Posted here for September 10, 2018
The road back home
Do you think it's possible to formulate a theory that describes how each and every person all around the world makes each and every decision in his or her life? Sounds like a tall order. But maybe it isn't. I wonder what you think of this:
It seems to me that in general, people decide to do something based on an often unconscious evaluation of the benefits of all perceived options they're confronted with at any given moment in time. (Of course there are exceptions.) I believe people make their decisions -- all their decisions -- according to what they think will optimize their happiness. And that in a nutshell is my "What-Makes-Me-Happy" Theory.
A kid touches a hot stove. He quickly learns a lesson: If a burner is turned on, the stove surface may be hot enough to burn a finger -- or a whole hand. For most kids, follow-up instruction isn't necessary. If we decide things based on what we have learned will not make us happy, why shouldn't we conclude we decide things based on what will make us happy?
Why am I writing this now? I could be doing any one of a thousand other things. Why don't I read a book? Watch TV? Go to the store? Work on a project in the garage? I have reasons to do all of these other things. Why am I punching keys on my keyboard?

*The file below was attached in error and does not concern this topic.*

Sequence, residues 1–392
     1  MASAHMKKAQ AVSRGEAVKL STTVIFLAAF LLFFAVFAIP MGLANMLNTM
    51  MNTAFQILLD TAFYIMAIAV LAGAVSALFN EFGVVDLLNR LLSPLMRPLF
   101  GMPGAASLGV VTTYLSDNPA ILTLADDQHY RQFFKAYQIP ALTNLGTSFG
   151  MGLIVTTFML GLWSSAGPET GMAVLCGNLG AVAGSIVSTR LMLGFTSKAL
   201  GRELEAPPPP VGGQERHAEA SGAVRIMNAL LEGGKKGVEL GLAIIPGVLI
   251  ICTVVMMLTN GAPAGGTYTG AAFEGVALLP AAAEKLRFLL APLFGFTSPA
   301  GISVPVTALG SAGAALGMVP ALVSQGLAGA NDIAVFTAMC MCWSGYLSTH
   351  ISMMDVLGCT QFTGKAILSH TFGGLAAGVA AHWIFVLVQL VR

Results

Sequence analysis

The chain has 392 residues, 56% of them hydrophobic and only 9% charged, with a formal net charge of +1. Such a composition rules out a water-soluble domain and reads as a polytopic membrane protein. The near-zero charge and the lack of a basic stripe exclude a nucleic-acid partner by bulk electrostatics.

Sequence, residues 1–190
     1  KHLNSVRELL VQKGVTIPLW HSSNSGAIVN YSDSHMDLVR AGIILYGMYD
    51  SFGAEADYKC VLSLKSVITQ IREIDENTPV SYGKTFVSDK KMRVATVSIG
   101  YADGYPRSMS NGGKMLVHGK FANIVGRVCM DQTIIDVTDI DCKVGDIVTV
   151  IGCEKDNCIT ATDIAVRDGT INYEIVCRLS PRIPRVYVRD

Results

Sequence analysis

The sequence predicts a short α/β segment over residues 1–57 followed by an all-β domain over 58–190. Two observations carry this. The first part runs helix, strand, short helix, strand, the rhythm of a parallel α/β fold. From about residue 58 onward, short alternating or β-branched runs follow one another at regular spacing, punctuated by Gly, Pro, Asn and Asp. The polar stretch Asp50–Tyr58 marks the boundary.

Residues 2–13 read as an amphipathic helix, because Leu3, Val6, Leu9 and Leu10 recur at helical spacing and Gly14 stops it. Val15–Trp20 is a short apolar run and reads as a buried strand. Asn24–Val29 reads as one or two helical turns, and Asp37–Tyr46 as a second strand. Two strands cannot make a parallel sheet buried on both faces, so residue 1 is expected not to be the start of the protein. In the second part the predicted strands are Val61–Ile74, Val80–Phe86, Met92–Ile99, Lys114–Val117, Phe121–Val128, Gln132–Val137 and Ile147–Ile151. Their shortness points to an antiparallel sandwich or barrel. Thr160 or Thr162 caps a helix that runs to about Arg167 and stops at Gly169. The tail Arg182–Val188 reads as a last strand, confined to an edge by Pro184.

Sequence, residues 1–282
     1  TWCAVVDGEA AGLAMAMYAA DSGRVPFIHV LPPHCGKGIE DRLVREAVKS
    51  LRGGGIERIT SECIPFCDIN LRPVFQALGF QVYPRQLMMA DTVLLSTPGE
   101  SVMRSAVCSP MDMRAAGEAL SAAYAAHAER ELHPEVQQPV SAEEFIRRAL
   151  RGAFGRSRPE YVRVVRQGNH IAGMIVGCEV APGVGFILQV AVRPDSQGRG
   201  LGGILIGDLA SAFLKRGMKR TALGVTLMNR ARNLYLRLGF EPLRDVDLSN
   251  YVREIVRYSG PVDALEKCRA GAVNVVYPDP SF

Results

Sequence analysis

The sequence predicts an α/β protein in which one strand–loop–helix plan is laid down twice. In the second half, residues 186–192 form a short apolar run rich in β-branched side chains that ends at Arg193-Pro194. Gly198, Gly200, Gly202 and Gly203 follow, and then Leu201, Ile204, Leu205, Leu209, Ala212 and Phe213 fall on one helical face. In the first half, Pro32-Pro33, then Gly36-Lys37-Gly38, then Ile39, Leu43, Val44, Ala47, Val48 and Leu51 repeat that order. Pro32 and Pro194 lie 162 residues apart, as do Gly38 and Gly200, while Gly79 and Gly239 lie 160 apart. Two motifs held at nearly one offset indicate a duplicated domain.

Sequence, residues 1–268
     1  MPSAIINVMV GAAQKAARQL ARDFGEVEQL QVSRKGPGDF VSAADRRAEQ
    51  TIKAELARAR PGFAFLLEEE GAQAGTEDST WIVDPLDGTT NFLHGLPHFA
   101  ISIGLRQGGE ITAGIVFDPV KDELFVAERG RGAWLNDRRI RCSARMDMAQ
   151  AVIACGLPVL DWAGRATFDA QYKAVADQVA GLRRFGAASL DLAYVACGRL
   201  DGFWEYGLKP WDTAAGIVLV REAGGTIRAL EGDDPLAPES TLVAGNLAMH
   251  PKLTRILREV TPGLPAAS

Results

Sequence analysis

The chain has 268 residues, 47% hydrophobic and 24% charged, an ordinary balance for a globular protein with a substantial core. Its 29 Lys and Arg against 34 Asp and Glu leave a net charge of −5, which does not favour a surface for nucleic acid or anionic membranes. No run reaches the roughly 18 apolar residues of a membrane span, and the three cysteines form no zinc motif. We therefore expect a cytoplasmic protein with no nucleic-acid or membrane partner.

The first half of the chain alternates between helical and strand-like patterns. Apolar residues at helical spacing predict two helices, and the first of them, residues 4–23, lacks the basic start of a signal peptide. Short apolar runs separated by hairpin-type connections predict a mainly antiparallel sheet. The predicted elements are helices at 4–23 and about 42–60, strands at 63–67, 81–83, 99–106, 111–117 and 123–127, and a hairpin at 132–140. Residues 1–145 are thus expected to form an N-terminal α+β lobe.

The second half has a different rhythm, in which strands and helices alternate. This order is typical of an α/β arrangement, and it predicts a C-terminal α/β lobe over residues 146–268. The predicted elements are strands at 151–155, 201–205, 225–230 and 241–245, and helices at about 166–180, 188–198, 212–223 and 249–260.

I'm punching keys because at this moment I perceive this activity gives me the most pleasure. If I felt I could derive more pleasure eating a sandwich, I'd eat a sandwich.
Why are you at this moment reading my words? Because you believe that in so doing, you'll be rewarded with some level of satisfaction (or happiness) that is greater than the satisfaction you'd achieve in any other activity. (Thank you for reading this!) You chose to read what I've written when you could be reading a book, watching TV, going to the store, working on a project in the garage, or eating a sandwich.
Why have you decided to continue reading? Because of the hope these next words will add to your satisfaction. Or at least that at some point my words will give you sufficient reward to justify your investment of time. At any moment, however, you could get a phone call and stop reading. Or you could hear your dog bark and you could go let him out. Or you could decide a trip to the bathroom right now has highest priority.
It's not simply one decision to read this article. Rather, it's just a decision to start. At any point -- after a paragraph, a sentence, even a single word -- you could decide: That's it, I'm done.
I think "What-Makes-Me-Happy" sometimes works incrementally. When I was looking for a house to buy in 2010, I came across the house I'm in now. I walked up the driveway -- nice pavers, I thought. Hmm, three-car garage -- I like that. I stepped up to the front porch -- I could put a couple of chairs here, I thought. I saw the front door -- double door, I've always wanted a double door. Inside -- nice crown molding! Etc., etc. All of a sudden, the decision to buy was made for me.
I believe we lead our lives by making hundreds, thousands, millions of value judgments and decisions. Every day. Some big, but most small, even minuscule. Will you have a second helping of pancakes? Oh yes, they taste so good. Real maple syrup. Yum. But you want to lose a few pounds. Yes, but a few more pancakes won't matter that much. Besides, they're so delicious. I'll go on a diet tomorrow. Please pass the butter.